In a mythical Japan, Ko-Ko, a cheap tailor, has been appointed Lord High Executioner and must find someone to execute before the arrival of the ruling Mikado. He lights upon Nanki-Poo, a strolling minstrel who loves the beautiful Yum-Yum. But Yum-Yum is also loved by Ko-Ko, and Nanki-Poo, seeing no hope for his love, considers suicide. Ko-Ko offers to solve both their problems by executing Nanki-Poo, and an agreement is reached whereby Ko-Ko will allow Nanki-Poo to marry Yum-Yum for one month, at the end of which Nanki-Poo will be executed, in time for the arrival of the Mikado. But what Ko-Ko doesn't know is that Nanki-Poo is the son of the Mikado and has run away to avoid a betrothal to an old harridan named Katisha. The arrival of the Mikado brings all the threads of the tale together. Written by
Jim Beaver <email@example.com>
Suffers from cuts, but makes up in the quality of the performers--Modified rapture!
In the 1930s the decision was made to do a movie of a Gilbert and Sullivan operetta as a star vehicle for Kenny Baker. They decided to do "The Yeomen of the Guard" with Baker as Fairfax and engage members of the D'Oyly Carte Opera Company for other roles in the film--including Martyn Green as Jack Point. However, they went back in this decision and decided to make a movie of "The Mikado" instead. In his autobiography, Green states that he feels "Yeomen" would have made a better movie.
This is an interesting Mikado, with both its upsides and its downsides. The biggest downside being the large amount of song cuts. The Mikado is one of Gilbert and Sullivan's best works, and it's a shame that so much of G&S's score is left out. Missing from the production are Pooh-Bah's "Young Man Despair;" Ko-Ko's excellent "Little List" song; "So Please You Sir, We Much Regret" (the quartet between Pooh-Bah and the girls); much of the Act I Finale; the quintet between Pooh-Bah, Pitti-Sing, Ko-Ko, the Mikado, and Katisha--"See How the Fates Their Gifts Allot;" Katisha's solo "Alone and Yet Alive;" and Katisha and Ko-Ko's duet "There is Beauty in the Bellow of the Blast." I assume these were all cut due to time, but it is a shame to lose them. Much of the dialogue is cut as well, cutting out some of Gilbert's funniest lines.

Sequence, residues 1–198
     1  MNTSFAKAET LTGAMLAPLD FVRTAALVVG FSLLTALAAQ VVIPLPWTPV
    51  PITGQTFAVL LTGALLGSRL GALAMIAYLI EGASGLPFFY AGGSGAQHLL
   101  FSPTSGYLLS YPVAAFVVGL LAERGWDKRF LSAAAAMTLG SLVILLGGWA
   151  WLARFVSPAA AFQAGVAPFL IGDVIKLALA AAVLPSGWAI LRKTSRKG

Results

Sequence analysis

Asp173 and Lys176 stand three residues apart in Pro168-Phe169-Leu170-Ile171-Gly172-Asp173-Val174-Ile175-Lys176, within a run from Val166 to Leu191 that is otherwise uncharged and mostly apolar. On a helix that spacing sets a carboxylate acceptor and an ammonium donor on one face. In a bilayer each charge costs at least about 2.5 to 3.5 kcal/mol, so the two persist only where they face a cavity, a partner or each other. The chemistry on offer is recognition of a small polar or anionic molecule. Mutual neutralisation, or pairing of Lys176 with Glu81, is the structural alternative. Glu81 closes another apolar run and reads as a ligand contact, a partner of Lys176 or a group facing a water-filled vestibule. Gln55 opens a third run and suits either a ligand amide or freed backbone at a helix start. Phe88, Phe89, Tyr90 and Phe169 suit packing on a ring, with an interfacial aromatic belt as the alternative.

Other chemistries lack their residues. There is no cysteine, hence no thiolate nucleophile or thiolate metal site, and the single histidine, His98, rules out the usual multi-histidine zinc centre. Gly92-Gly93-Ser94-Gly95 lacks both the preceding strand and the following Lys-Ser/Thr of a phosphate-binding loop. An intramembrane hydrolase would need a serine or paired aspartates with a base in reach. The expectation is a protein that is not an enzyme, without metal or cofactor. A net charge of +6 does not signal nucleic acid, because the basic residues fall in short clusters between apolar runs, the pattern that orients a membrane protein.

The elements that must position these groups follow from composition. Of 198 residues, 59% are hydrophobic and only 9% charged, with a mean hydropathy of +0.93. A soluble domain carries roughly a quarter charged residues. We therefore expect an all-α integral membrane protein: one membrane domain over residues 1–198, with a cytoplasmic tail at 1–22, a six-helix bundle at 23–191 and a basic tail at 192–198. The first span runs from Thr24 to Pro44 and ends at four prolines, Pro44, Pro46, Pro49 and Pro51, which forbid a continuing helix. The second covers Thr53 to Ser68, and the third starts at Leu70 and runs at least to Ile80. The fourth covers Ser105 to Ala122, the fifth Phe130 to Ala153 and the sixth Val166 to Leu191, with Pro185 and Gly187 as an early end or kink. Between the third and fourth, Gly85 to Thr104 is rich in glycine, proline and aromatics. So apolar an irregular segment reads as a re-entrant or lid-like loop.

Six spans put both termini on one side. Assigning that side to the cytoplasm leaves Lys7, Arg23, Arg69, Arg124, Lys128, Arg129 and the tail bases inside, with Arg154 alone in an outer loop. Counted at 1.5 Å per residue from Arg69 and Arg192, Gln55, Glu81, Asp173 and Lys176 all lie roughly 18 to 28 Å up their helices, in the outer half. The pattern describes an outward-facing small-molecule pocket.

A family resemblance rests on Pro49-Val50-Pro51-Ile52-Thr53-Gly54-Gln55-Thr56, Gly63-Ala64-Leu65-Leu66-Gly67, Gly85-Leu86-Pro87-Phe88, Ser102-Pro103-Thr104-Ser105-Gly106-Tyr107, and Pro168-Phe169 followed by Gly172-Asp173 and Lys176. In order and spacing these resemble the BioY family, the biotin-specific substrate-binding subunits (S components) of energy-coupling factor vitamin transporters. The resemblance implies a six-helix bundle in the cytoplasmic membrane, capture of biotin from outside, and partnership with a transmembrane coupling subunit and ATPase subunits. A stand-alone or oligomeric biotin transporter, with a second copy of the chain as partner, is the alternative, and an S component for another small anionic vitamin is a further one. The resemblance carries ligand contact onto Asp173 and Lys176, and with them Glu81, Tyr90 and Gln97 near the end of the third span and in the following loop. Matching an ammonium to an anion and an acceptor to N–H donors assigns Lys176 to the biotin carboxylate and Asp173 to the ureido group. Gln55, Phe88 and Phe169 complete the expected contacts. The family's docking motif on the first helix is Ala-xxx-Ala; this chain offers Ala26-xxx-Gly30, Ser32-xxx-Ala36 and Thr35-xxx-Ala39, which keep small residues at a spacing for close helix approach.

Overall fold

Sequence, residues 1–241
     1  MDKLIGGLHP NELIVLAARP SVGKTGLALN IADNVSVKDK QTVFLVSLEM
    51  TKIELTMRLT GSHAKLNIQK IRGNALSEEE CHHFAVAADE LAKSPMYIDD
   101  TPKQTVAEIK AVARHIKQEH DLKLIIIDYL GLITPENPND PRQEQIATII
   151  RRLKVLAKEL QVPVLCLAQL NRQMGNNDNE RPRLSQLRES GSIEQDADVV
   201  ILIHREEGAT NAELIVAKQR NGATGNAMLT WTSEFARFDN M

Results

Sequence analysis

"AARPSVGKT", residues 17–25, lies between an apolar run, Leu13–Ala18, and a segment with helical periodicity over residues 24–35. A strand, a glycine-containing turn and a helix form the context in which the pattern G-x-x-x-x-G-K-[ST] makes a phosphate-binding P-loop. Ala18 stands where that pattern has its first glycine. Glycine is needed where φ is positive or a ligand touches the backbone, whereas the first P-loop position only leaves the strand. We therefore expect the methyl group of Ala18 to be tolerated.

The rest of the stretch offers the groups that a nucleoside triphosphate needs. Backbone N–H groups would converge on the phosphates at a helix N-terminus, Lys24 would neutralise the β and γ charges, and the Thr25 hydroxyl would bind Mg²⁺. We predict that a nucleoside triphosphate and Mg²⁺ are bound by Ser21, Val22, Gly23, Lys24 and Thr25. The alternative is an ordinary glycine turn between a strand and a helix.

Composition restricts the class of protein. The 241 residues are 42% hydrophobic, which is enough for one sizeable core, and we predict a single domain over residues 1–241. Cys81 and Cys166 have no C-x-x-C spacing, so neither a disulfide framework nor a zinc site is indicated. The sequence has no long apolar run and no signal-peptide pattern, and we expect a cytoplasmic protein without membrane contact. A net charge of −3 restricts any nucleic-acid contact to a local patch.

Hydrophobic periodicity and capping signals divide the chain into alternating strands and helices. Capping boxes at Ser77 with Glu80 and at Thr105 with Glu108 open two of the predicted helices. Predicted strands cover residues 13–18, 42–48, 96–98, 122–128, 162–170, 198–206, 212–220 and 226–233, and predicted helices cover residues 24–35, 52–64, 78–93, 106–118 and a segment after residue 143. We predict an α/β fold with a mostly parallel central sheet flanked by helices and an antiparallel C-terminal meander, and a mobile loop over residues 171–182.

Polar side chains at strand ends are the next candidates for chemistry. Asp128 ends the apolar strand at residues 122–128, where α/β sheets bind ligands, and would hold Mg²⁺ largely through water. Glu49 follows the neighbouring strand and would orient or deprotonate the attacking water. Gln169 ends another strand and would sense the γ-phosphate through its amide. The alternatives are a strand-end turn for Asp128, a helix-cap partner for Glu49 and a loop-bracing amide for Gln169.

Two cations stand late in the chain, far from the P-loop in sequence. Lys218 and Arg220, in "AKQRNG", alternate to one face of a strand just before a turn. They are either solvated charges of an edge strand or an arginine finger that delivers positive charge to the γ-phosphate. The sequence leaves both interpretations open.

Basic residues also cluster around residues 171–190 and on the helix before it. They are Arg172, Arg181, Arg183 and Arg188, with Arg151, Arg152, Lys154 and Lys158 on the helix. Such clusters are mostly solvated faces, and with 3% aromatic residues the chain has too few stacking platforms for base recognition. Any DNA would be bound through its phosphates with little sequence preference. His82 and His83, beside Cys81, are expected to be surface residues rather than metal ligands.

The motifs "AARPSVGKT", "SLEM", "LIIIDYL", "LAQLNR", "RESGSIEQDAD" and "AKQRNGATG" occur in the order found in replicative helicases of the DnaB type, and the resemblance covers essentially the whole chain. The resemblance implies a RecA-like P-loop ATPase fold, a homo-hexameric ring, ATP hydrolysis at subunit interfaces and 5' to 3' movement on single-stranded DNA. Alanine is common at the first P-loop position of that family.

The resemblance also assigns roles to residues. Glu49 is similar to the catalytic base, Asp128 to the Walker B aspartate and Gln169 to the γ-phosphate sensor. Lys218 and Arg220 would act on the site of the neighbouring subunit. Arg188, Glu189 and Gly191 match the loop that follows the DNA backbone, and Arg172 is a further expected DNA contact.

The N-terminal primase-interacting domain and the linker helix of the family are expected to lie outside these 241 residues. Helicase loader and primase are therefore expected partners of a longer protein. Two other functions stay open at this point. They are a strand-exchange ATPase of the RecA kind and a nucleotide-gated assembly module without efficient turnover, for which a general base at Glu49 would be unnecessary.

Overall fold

All this is made up for, however, by the actors. Despite the fact that it's Kenny Baker and Jean Colin's faces you see on the front of the box, the star here is Martyn Green as Ko-Ko. Green was the principle comic baritone with the D'Oyly Carte Opera Company (a name which has always been synonymous with the best performances of Gilbert & Sullivan you can find) for many years and both this and the many recordings he made show that he was one of the best actors to ever play the Grossmith roles. He gives a stellar performance as Ko-Ko, the lord high executioner, and it really is a shame the list song was cut. Another D'Oyle Carte regular, Sydney Granville, plays Pooh-Bah and he is excellent as well. His Pooh-Bah is just as great as Green's Ko-Ko. There are quite a few other D'Oyly Carters here as well--Elizabeth Paynter and Kathleen Naylor (Pitti-Sing and Peep-Bo), the entire chorus, and Gregory Stroud (Pish-Tush) had done a bit of work with the D'Oyly Carte during the 1926 season. The rest of the cast does an excellent job as well. Victor Schertzinger manages to transfer the show to film quite well without it feeling too awkward on the screen (although I agree with Martyn Green in feeling that Yeomen would have made a better movie).
All in all, despite the song cuts, it is an excellent production of the Mikado, one that is well worth seeing. Of the Mikados I have seen on video and/or DVD (including this one, Stradford's production, Opera World's, and English National Opera's), I would say this is the best one out there. This is G&S performed the way it should be performed, the only disadvantage being that there's not enough of it.
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